The European currency touched its lowest level since mid-September against its Japanese yen on early Monday after the failed attempts of Merkel on forming a three-way coalition. This has heightened uncertainties regarding the future of Europe’s economy.
The euro was already down amidst Asian trading following the released news that suggested a breakdown of the coalition meeting among the parties in Germany. However, it still managed to limit its losses. The euro was last seen lower versus its Japanese counterpart at 131.65 yen on Monday. The common currency notched a two-month low at a 131.16 yen at one point.
Overall, the currency dropped more than 0.4 percent at $1.744 on the same day, plunging as low as $1.1722. This makes euro far away from a one-month high it touched last Wednesday at $1.1862.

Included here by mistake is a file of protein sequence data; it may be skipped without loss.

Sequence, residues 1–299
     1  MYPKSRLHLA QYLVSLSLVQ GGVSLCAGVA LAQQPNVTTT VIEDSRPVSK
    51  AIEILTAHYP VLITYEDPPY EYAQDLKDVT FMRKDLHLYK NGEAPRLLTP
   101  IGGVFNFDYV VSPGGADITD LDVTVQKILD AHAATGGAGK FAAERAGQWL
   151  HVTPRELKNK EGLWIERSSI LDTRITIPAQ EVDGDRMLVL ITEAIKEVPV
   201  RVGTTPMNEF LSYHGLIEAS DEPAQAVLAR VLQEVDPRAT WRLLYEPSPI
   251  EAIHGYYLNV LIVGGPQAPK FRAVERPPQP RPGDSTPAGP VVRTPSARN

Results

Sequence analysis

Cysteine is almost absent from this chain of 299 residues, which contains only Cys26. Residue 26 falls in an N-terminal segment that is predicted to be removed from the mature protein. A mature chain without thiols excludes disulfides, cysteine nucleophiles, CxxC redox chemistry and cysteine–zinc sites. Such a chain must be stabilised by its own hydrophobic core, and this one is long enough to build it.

German Chancellor Angela Merkel said this day that she would have a formal meeting with the president of Germany to tell him that her attempts on forming a coalition government with pro-business Free Democrats (FDP) and Green have failed.
The verdict on meeting President Frank-Walter Steinmeier have indicated that Chancellor Merkel would not sought for a minority government in partnership with the Greens following the pulling out of the FDP on the coalition meeting. Steinmeier has the power to incite a new election.
OANDA’s head of trading in Asia-Pacific Stephen Innes said the political developments in Germany would influence euro’s movement, but it is surely one of the drivers that we’ll have “right of the bat”.